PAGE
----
SATURAY, FEBRUARY 29

COMPANION ANIMAL
7:45 – 9 a.m. (1.25 CE credits)
Forelimb Lameness in Toy Breeds of Dogs: Diagnostic Imaging and Treatment
Don Hulse, DVM, DACVS, DECVS
Forelimb lameness in Toy Breeds of dogs is a common problem and can be a diagnostic challenge. This lecture will address physical examination findings and imaging modalities to arrive at a proper diagnosis.  Conservative and surgical treatment options will be discussed as well as long term prognosis.

Learning objectives include:

  • at the end of the lecture, participants will be able to assess gait to correctly identify which forelimb is involved.
  • Properly examine the shoulder for stability and pain.
  • Properly examine the elbow for stability and pain.
  • Arrive at an appropriate treatment strategy.
  • Develop a post-operative recovery plan.
  • Identify and manage complications should they occur.

8 – 9:15 a.m. (1.25 CE credits)
Inadvertent Peri-Anesthetic Hypothermia:
The Chilling Facts
Stuart Clark-Price, DVM, DACVIM, DACVAA, CVA
This presentation will discuss the genesis, risk factors, consequences, and therapeutic options for peri-anesthetic hypothermia in anesthetized companion animal patients. Learning objectives for this presentation include:

  • Gain an understanding of the pathophysiology behind peri-anesthetic hypothermia in small animal patients
  • Gain an understanding of the consequences of peri-anesthetic hypothermia on patient well-being and outcomes
  • Gain an understanding of the current understanding of treatment options for combating peri-anesthetic hypothermia in companion animal patients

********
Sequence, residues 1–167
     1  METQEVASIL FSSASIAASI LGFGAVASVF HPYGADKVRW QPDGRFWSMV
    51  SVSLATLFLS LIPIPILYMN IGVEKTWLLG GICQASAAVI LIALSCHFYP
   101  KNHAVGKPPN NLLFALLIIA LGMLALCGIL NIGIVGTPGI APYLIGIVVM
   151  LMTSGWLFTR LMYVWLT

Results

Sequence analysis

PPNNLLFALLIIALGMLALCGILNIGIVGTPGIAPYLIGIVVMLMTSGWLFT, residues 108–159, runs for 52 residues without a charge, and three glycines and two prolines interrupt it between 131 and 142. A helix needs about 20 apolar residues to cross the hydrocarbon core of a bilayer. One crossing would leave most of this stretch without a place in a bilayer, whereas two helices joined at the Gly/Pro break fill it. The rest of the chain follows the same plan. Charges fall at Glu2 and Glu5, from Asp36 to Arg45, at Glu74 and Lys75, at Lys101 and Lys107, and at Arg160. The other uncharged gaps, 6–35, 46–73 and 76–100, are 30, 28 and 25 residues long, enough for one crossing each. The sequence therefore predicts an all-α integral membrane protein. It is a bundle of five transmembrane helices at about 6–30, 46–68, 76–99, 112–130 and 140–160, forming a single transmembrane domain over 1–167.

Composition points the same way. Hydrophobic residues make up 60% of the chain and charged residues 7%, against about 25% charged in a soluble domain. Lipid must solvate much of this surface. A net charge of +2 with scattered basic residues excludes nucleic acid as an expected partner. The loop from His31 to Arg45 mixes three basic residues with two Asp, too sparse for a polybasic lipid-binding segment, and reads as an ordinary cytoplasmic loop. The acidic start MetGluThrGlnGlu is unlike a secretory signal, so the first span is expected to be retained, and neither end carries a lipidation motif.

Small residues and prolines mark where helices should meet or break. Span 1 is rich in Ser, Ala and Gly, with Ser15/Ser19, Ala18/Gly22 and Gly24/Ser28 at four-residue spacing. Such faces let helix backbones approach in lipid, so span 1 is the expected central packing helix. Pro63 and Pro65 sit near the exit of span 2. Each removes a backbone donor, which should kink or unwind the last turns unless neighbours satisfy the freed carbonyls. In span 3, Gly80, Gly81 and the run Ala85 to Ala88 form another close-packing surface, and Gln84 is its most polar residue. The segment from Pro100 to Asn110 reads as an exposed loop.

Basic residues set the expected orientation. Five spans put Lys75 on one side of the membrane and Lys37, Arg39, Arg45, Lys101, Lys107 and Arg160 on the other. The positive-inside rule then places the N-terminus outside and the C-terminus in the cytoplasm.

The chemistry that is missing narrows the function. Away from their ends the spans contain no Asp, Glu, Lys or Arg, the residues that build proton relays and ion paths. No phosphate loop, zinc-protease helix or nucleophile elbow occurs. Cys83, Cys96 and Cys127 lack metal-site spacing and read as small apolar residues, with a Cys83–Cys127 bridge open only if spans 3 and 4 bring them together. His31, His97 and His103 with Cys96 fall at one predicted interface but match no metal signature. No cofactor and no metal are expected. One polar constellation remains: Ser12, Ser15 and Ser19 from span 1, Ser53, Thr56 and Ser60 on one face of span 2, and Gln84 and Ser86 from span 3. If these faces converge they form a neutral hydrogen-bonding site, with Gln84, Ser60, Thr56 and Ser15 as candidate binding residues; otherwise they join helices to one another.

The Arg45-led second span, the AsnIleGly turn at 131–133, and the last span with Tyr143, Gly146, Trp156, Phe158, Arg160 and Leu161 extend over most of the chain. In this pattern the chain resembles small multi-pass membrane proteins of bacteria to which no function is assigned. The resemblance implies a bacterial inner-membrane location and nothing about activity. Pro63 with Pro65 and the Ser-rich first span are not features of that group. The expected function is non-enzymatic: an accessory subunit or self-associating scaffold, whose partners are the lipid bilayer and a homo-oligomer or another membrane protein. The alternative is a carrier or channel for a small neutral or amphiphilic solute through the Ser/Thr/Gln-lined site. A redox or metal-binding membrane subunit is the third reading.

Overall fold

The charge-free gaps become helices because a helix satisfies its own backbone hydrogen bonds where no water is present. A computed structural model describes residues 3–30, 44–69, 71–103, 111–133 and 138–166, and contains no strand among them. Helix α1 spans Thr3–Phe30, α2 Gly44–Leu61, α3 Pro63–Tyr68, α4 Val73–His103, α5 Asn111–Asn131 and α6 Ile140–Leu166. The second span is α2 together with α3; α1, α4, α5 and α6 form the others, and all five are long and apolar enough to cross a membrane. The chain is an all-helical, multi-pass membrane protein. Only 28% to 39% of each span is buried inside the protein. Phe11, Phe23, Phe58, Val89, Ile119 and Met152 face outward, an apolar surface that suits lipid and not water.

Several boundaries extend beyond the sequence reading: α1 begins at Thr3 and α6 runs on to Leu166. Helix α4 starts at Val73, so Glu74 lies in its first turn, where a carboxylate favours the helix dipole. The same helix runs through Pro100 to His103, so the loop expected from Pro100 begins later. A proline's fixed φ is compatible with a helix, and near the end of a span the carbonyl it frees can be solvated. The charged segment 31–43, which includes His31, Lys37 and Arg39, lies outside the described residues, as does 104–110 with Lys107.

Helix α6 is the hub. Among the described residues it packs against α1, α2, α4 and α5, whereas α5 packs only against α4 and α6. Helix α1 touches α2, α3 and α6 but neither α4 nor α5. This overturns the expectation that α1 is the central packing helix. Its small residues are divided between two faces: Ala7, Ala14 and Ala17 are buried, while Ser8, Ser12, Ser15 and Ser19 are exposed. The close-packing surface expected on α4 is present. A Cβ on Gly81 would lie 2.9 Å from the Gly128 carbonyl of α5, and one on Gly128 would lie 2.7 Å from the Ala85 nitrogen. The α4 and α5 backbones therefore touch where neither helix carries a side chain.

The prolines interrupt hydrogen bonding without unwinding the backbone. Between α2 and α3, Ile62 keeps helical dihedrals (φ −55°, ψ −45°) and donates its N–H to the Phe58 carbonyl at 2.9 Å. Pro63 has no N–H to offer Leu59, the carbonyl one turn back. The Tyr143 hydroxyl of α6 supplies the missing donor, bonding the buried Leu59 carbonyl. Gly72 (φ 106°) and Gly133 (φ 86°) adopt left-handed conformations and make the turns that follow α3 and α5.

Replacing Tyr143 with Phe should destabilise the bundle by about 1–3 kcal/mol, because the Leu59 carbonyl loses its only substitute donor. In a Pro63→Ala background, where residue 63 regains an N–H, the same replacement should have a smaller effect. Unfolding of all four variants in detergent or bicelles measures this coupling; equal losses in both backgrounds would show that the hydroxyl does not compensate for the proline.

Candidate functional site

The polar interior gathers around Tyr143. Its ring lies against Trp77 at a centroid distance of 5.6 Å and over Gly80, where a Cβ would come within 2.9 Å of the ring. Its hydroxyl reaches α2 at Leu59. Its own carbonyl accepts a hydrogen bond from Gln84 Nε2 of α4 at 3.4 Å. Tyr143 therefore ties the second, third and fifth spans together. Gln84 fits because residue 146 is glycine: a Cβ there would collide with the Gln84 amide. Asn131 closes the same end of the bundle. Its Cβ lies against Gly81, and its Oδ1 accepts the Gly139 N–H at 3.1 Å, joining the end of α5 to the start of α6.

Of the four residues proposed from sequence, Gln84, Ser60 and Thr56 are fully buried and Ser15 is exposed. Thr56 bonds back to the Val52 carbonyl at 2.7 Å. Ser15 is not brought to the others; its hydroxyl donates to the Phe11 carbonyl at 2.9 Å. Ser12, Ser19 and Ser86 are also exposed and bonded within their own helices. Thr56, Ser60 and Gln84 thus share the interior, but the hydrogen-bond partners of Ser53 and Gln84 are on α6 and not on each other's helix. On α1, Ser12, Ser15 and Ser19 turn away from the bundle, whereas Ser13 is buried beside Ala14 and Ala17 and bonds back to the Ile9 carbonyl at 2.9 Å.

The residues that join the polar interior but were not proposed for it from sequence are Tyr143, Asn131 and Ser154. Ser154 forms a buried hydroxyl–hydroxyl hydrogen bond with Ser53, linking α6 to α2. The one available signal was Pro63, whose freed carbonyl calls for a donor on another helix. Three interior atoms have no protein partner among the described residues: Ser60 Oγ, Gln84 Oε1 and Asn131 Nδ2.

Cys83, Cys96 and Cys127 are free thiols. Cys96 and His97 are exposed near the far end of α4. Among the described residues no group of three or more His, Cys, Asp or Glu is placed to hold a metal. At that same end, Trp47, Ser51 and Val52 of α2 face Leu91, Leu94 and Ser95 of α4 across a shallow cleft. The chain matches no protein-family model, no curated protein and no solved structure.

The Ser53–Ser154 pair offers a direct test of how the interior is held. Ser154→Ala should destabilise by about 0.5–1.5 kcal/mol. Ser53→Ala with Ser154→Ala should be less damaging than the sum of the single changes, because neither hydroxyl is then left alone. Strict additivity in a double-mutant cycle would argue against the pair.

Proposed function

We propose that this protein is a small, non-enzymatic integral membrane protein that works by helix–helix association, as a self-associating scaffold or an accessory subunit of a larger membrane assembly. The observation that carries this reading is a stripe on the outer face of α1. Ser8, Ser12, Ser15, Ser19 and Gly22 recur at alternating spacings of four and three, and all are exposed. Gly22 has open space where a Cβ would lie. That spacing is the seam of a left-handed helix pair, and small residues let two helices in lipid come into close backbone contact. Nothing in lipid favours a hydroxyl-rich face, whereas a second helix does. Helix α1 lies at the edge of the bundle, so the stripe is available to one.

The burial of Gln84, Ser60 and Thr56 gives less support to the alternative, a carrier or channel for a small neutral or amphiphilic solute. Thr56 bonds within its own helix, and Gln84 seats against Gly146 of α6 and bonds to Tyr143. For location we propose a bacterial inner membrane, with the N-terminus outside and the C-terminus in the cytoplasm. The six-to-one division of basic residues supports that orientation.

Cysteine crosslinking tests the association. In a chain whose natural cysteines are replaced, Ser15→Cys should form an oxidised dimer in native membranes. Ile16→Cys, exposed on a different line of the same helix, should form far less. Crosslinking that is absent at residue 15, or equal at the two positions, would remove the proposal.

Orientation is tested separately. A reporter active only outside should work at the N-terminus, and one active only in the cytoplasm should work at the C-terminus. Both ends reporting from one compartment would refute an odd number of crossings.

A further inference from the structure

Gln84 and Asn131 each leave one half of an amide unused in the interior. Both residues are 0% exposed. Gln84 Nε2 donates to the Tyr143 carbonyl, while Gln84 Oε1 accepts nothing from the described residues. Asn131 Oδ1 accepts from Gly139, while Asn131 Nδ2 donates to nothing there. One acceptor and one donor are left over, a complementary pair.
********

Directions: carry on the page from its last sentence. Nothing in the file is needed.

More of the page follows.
9:15 – 10:30 a.m. (1.25 CE credits)
Diagnostic Modalities and Surgical Methods for Carpal and Tarsal Arthrodesis
Don Hulse, DVM, DACVS, DECVS
Carpal and tarsal injuries are a common occurrence in companion animals.  This lecture will address diagnostic modalities and surgical management of these inuries.
Learning objectives include:

  • Participants will be able to correctly identify the level of carpal hyperextension injuries.
  • Participants will be able to discuss appropriate treatment modalities for each level of injury.
  • Participants will be able to develop a post-operative recovery program.
  • Participants will be able to identify and manage complications should one occur.
  • Participants will be able to list conditions of the tarsal joint that may require tarsal arthrodesis.
  • Participants will be able guide clients through the surgical process for tarsal fusion and develop a recovery program.

10:45 a.m. – 12:15 p.m. (1.5 CE credits)
Top 5 Tips for Treating Your Poisoned Feline Patient
Justine Lee, DVM, DACVECC, DABT)
Can’t get that poisoned cat to puke? Unable to get activated charcoal into that hissing cat? In this lecture, Dr. Justine Lee, DACVECC, DABT will review treatment of the poisoned feline patient, including how to safely induce emesis, how to administer activated charcoal, and general treatment protocols.

Down with OPP: Outpatient Parvovirus – Does It Work?
Justine Lee, DVM, DACVECC, DABT
Does each parvo case need to be hospitalized? What’s the survival with outpatient therapy? Surprisingly, it’s similar to in-hospital treatment. In this lecture, Dr. Justine Lee, DACVECC, DABT will review canine parvovirus, including the etiology, clinical signs, and treatment. Learn what options we can provide to pet owners with financial limitations.

9:30 – 10:45 a.m. (1.25 CE credits)
Local Anesthetic Drugs: How They Work and Why We Should Use Them
Mike Barletta, DVM, MS, PhD, DACVAA
The mechanism of action of local anesthetic drugs will be explained. Clinical doses used in dogs and cats and toxic effects will be discussed. Learning objectives include:

  • Understanding the mechanism of action of local anesthetic drugs
  • How to recognize and treat toxic effects.

11 a.m. – 12:15 p.m. (1.25 CE credits)
Local Anesthesia Blocks for Dental Procedures
Mike Barletta, DVM, MS, PhD, DACVAA
Several local anesthetic techniques used for dental procedures in dogs and cats will be shown using 3D animations and clinical use of these techniques will be discussed. Learning objectives include:

  • How to perform local blocks for dental procedures
  • Choosing the right block for specific dental procedures.

1:15 – 3:15 p.m. (2 CE credits)
Toxicology Tips for the Poisoned Pet
Justine Lee, DVM, DACVECC, DABT